“Called by Christ, we INVITE all people, SERVE our neighbors, and BUILD a living faith.”
Christmas Eve, 2019, 6 PM
Maybe because it was Christmas eve, maybe because we went together as a family, maybe because we dressed up, who knows, but this service felt welcoming and celebratory from the moment we walked through the doors. A trio of bass, guitar and drums played upbeat music while the congregation gathered. The sanctuary, built in 1960, seemed to have it’s original brass lighting, which now looks cool and retro. The huge wood and brass cross on the altar wall, the exposed wood beam ceiling and the stone enhancements on the side walls gave me the feeling of being in a ski lodge or large living room. The entire space felt warm, safe and joyful.
This church’s website and bulletin had been clear that they welcomed everyone, including persons in the LGBTQ category. And while we were waiting for this third out of four Christmas eve services to start, a string of about six or seven women sat down in a pew in front of us. It seemed to me that these women were a family of sorts, but without husbands or children. It also appeared that they found a church home where they are free to worship together. Perhaps this open and welcoming posture from the church also helps them in gaining parishioners.
The choir sang a prelude before one of the pastors shared several announcements. She explained that we would be taking communion by intinction, which was the first time someone had explained it in all my church visits. Also, it was further outlined in the bulletin. She also said to tip the unlit candle to the lit candle during the candle lighting at the end of the service. I remembered this was a very important safety message from my time as pastor. We then greeted those around us with the peace of Christ.
The celebrating began in earnest as we stood to sing O Come, O Come, All Ye Faithful. A procession of three acolytes followed by the two pastors came down the center aisle. One acolyte waved a tall pole with ribbons, which seemed to enhance the joyousness of the setting. Two more followed carrying long brass candle lighters, but they had not been lit. Just before the altar, the woman pastor pulled a lighter out of her robe pocket and lit them. This small but conspicuous incident lent an air of informality and humor to the occasion.
The worship time flowed seamlessly from Gathering, to Word, to Meal, to Sending. Another informal moment occurred when the male pastor stood to give the sermon. His microphone wasn’t quite loud enough and he had to make a sound check right before preaching. He did it with humor and grace, which only added to the feeling of being among family or friends. His sermon focused on the fact that the shepherds, one of the lowliest occupations at that time, were the first to hear of Chris’s birth. That first Good News came not to the rich, the powerful or the educated, but to the lowly, the poor, and the poor in spirit. He explained that God comes to us not in our strength, but in our weakness. And that nothing in all creation can separate us from the love of God in Christ. He said we are all shepherds at some point and his message was a beautiful reminder that the Good News still comes to us.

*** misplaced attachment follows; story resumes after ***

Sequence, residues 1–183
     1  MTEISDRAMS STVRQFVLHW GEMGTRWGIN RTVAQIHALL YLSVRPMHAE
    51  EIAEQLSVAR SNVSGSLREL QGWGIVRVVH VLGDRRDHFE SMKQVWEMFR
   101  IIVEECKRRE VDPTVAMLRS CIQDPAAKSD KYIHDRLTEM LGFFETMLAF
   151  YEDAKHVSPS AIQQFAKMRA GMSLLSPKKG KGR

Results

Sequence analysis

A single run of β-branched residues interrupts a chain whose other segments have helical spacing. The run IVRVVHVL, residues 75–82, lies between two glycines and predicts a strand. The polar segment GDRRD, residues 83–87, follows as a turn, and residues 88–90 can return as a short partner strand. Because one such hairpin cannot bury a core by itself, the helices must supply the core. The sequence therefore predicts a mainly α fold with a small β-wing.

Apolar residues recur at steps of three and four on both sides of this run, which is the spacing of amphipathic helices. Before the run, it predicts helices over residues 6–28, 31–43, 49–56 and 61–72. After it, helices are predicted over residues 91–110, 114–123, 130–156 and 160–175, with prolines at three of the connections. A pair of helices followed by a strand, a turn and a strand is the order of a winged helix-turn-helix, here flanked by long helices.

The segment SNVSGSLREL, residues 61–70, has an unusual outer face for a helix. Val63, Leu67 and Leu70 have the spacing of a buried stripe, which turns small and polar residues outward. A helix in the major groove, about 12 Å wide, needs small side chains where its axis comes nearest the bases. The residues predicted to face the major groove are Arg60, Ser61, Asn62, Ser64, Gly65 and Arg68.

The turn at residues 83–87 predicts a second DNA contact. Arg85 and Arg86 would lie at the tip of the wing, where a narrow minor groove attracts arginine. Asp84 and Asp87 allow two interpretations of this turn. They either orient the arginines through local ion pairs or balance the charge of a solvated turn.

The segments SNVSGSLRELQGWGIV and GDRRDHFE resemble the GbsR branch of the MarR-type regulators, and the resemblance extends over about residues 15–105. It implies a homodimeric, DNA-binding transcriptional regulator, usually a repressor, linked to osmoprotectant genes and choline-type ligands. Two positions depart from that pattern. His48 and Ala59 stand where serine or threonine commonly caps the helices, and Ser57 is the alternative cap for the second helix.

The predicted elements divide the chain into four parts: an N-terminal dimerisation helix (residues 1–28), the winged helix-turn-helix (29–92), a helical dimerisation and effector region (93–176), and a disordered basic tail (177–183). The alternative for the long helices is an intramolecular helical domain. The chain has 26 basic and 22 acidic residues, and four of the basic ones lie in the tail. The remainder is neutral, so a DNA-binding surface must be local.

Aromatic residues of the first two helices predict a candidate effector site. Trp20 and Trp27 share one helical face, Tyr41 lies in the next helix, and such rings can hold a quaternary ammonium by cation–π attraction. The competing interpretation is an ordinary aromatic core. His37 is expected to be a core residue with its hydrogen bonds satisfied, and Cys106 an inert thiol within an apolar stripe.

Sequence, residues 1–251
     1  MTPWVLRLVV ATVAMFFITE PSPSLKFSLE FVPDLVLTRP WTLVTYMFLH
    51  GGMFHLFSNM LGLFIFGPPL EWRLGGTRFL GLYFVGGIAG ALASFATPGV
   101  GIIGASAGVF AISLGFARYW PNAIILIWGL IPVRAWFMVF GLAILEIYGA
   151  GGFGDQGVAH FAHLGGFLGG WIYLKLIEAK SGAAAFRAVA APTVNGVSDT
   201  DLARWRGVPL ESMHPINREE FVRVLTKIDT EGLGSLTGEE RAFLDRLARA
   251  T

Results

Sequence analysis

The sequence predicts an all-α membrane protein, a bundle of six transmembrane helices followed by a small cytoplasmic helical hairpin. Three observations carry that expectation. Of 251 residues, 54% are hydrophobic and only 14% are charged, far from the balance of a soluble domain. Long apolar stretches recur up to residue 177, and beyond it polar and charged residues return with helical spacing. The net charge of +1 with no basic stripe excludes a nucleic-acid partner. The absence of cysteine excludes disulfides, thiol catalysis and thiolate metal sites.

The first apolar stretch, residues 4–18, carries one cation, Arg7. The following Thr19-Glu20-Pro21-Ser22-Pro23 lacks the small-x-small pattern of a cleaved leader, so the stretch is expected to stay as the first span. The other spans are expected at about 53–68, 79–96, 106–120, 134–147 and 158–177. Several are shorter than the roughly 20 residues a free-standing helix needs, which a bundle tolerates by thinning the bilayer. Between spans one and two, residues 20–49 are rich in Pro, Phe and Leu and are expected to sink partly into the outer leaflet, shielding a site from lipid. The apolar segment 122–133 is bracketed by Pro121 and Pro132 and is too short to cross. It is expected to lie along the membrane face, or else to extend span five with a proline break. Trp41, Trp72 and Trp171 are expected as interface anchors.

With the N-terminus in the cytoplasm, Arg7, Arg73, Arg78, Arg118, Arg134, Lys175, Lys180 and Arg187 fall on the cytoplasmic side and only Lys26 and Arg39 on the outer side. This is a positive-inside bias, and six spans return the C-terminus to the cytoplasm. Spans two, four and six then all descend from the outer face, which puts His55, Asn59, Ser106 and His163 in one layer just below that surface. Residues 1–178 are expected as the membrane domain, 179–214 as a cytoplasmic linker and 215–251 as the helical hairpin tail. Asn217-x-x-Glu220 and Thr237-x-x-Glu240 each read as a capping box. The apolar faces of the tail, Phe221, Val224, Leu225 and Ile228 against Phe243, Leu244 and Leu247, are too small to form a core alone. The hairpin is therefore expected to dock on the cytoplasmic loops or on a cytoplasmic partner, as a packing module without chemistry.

The woman pastor led the Great Thanksgiving, which actually explains and amplifies the Lord’s Supper (IMHO.) Assisted by the acolytes, the two pastors stood at the front of the pews as we filed forward to receive communion, while singing The First Noel.
After communion, we heard the great words from John 1: 1-5, 14. The candle lighting began, the overhead lights went down and we sang Silent Night in the semi-darkness of the candlelit sanctuary. A benediction followed, everyone blew out the candles, the lights went back up and we stood to sing Joy to the World.
Okay, so no one formally welcomed us. No one asked our names or offered theirs. Yet, because it was Christmas eve, when churches often get a lot of visitors and because this church executed what I consider to be almost a perfect worship service, I felt welcomed and comfortable in this setting. Probably one of the most impactful signs of hospitality, however, was the smiling pastors. Both pastors, but especially the woman, smiled throughout the service. They seemed to enjoy their calling; they seemed happy to be serving; they seemed truly joyful and winsome. Smiling pastors, whether they know it or not, gives worshippers a glimpse into the hidden joy of their hearts. Their smiles made me want to come back and it made this stranger feel welcomed. So, because they did worship so well and because of the smiling pastors, this church PASSED the WELCOME TEST.